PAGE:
January 16, 2005
A Hands-On Approach to Improved Health
January 2005 [Mayo Clinic]
Newswise — What therapy can help decrease pain, anxiety, stress and depression? It can help patients with arthritis, lymphedema, fibromyalgia, scleroderma, pregnancy and psychological disorders. And it even can help relieve agitation that may occur with Alzheimer’s disease and the rigidity associated with Parkinson’s disease.
The therapy isn’t a new discovery. It’s massage -- one of the oldest forms of therapy. Today, there’s growing interest in the benefits of massage used in conjunction with other conventional medical treatments. Massage uses positioning, hands-on pressure and movement to promote relaxation and to loosen and increase motion in muscles.
The January issue of Mayo Clinic Health Letter lists potential benefits of massage:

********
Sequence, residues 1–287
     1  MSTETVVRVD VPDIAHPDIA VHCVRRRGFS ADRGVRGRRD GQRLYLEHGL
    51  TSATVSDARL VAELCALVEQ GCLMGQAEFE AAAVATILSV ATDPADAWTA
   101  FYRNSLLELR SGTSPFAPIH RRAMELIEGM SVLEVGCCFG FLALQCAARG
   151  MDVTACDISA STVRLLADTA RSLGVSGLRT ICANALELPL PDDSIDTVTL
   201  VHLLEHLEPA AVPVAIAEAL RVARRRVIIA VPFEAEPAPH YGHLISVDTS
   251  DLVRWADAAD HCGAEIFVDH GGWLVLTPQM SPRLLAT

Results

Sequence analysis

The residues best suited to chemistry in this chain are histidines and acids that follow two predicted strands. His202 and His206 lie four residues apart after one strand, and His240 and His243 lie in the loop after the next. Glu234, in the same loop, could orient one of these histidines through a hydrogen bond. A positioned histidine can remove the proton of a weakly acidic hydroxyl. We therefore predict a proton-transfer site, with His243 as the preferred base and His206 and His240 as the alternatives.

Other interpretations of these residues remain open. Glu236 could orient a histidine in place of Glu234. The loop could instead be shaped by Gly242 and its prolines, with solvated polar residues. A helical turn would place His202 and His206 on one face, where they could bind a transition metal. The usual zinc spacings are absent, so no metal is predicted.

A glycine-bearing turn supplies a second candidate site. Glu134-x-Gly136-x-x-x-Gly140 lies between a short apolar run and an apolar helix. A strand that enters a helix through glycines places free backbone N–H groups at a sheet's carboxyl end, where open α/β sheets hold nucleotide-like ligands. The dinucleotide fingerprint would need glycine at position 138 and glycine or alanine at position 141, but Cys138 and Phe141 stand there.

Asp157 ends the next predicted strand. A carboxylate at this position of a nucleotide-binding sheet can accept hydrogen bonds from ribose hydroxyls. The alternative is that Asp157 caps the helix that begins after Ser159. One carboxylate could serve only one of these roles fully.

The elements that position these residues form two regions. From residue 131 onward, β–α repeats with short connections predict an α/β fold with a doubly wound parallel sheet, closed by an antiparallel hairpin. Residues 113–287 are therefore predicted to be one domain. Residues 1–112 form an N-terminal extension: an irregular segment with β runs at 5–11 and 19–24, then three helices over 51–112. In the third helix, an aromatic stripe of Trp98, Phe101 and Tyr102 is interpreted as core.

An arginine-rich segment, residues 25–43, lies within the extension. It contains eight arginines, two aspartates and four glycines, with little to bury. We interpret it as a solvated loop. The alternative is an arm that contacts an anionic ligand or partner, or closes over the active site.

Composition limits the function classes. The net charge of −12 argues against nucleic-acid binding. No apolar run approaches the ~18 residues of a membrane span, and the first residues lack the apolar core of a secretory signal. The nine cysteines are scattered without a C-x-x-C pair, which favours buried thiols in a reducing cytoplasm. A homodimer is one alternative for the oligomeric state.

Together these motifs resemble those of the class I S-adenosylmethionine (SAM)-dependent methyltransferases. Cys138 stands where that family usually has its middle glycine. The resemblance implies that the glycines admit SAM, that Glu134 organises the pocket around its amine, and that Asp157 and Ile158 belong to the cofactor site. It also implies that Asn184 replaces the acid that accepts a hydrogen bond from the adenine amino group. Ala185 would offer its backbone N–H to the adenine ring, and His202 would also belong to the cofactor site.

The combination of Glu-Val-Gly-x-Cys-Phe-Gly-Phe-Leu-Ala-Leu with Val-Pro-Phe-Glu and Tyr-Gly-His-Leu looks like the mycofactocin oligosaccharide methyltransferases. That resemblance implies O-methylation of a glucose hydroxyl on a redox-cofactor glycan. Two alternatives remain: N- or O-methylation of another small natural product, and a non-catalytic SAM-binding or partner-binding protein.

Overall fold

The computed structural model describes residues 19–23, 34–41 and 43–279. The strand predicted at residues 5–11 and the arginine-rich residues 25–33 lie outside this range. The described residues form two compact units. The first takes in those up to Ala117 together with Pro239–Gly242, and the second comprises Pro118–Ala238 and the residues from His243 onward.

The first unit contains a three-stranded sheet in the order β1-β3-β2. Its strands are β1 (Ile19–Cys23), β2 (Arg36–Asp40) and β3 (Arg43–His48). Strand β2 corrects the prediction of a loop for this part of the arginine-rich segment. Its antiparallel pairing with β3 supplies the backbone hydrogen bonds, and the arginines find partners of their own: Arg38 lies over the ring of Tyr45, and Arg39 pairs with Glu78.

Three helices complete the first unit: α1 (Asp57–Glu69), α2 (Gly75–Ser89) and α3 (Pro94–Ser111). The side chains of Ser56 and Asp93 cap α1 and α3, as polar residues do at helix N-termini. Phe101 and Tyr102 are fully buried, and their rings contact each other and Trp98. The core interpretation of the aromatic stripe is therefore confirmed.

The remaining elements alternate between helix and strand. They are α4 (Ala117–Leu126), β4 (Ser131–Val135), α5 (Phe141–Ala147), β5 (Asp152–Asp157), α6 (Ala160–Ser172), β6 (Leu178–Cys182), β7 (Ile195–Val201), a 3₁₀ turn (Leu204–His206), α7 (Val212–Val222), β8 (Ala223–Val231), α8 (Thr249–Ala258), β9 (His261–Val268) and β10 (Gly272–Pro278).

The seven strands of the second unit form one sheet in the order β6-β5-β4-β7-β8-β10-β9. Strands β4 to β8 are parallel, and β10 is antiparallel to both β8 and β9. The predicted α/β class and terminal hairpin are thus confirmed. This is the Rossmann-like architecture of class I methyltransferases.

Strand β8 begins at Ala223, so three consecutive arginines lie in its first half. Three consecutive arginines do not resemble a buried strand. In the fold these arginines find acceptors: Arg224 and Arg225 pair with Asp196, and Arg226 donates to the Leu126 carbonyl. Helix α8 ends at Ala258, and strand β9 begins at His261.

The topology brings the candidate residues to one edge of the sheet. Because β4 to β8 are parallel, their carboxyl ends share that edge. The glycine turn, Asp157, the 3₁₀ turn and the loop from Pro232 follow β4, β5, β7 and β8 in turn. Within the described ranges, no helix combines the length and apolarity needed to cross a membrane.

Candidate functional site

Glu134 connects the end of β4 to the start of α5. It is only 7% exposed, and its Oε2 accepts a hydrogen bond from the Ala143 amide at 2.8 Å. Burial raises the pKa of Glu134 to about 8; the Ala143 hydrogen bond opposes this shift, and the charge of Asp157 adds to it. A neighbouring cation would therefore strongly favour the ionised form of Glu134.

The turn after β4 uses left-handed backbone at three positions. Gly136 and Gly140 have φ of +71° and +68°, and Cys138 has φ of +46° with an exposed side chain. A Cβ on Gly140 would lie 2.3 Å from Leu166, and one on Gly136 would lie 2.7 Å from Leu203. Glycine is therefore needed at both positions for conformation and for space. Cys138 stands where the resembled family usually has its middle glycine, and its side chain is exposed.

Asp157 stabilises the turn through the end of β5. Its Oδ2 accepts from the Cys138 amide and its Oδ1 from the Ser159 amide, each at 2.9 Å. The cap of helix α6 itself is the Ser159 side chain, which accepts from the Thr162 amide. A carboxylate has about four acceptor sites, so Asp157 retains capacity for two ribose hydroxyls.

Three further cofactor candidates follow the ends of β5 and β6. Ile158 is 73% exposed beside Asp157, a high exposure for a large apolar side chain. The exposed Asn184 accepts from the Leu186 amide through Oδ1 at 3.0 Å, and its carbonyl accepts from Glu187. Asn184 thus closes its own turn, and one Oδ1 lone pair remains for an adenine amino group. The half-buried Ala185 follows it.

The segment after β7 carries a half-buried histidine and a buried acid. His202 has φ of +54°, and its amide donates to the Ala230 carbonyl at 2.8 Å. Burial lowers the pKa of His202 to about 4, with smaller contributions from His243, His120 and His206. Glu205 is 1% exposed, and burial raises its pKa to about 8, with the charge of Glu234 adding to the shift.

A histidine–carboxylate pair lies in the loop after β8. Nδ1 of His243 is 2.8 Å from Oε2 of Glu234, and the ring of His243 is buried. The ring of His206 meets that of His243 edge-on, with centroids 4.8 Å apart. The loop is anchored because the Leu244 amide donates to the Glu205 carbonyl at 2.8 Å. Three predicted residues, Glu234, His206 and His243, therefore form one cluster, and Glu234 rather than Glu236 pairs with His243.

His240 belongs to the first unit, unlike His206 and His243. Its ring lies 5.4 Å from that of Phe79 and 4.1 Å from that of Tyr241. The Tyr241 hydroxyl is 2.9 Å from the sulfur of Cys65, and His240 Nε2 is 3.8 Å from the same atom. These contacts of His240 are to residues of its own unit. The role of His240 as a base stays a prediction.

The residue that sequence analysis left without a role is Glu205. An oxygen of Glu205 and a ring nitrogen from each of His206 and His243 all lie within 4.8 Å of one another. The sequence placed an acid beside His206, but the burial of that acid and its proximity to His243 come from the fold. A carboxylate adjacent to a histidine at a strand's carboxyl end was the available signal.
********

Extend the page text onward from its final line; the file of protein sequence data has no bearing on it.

* Improved circulation, which can be helpful in wound healing after surgery, in improving blood pressure and in relieving fluid buildup in arms and legs.
* The release of stress-reducing hormones -- such as endorphins -- that can increase energy and reduce the risk of illnesses caused by chronic stress.
* Reduced pain, which can promote muscle relaxation and healing of muscles.
* Improved range of motion, increased flexibility and reduced risk of injury.
If massage sounds intriguing, ask your doctor if massage is safe for you. It isn’t always advisable if you have skin with open sores, active cancer or conditions such as severe varicose veins or phlebitis.
Seek out an experienced professional. Training and certification vary widely, and licensing isn’t required in every state.
Mayo Clinic Health Letter is an eight-page monthly newsletter of reliable, accurate and practical information on today’s health and medical news. To subscribe, please call toll free 800-333-9037, extension 9PR1
Posted by Nancy at January 16, 2005 11:41 PM